Those of you who look for well-bred descendents of major mares in regional markets may well want to seek out some of Chappaquiddick’s descendents, as some of Lure’s blood, rare though it is, may become available either via a son or the son of a daughter.  Names to look for include mares descending from Tuckernuck (1975 by Bold Reasoning) or mares with a line of *Pieces of Eight II (the full brother to Chappaquiddick).  Either can be used to cross back to Lure.

The other major U. S. branch of the family, that descending from Man o’ War’s daughter Spotted Beauty, is much stronger and shows no sign of slowing down anytime soon.  There are an equal number of good males (Alias Smith, Auction Ring, Relaunch, Glitterman, Rubiano and Golden Act) to females (Afifa, Passagere Du Soire, Phone Chatter, Topicount).

Despite the death of Relaunch and Rubiano, there are ample opportunities to inbreed to this branch, as Glitterman is still going strong, and Relaunch mares pose an exciting choice for him.

At the Breeders’ Cup of 1993, both of these branches of Black Duchess’ family were on display as Lure won his second Breeders’ Cup Mile and Phone Chatter put the seal on her two-year-old title with a win in the Breeders’ Cup Juvenile Fillies.  Never has it been more obvious that great mares go on giving long after their names have disappeared from the four-generation pedigrees most breeders are accustomed to seeing.

There are other major descendents of Black Duchess that one can readily access for inbreeding.  One is the excellent sire Caro.  His bloodline is found in many of today’s top sires including Cozzene and his good young son Alphabet Soup, With Approval and interestingly in Honour And Glory who is by Relaunch and is therefore by a stallion from the Black Duchess family as well.  There are also still a handful of Shahrastani daughters left to be had and another handful or two of mares by Soy Numero Uno.  Further, parts of Pink Pigeon’s family is still around, and lines of Santa Claus are here and there, as are lines of Bold Favorite and Blue Train.  Even the occasional Fabius line might still be out there.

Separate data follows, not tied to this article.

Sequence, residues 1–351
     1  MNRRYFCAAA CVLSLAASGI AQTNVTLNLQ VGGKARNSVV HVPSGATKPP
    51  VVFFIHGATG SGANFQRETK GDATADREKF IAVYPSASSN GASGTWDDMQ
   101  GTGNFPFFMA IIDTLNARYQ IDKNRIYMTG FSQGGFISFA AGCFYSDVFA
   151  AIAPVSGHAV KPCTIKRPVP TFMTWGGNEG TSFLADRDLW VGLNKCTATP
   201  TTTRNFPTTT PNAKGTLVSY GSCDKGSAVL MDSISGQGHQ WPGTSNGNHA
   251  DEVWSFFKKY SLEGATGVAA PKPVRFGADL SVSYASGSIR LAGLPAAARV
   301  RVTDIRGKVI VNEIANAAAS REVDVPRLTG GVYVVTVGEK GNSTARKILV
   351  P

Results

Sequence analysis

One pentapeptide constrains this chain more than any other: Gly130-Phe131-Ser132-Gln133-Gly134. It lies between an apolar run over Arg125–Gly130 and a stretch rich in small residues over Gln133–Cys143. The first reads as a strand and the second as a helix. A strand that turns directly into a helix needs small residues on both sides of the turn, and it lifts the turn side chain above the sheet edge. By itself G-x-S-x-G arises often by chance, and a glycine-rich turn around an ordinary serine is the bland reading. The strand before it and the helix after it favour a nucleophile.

Although it is difficult to place Black Duchess’ pedigree in any kind of modern perspective, it is worth noting that she was by a son of the best sire of her time (Galopin) and was inbred to half siblings Macaroni and Touchstone.  Such patterns still work today in more modern mares.

Consider Chappaquiddick for instance:  Her sire, Relic, was by War Relic who was inbred to half brothers Fair Play and Friar Rock, while her dam, Baby Doll II, was inbred to half brothers Nearco and Niccolo Dell’arca.

Beauty Spot, the most productive of Spotted Beauty’s daughters, has an even more noteworthy pattern:  She is 4 x 5 to half siblings Bay Ronald and Black Velvet, both offspring of none other than Black Duchess herself.  Perhaps this alone is the key to her strength as the strongest surviving branch of the line!

Black Duchess has given us many gifts and it is well past the time to honor her as a Reine-de-Course.  So with an apology for our tardiness in neglecting her previously, new Reines-de-Course from the family of Black Duchess are:  Black Duchess; Black Cherry; Baby Doll II; Life Hill; Diamond Drop; Blanche; Black Velvet; Silver Beauty; Spotted Beauty; and Beadah.

This article originally appeared in Pedlines #101.  The following supplement appeared in Pedlines #146.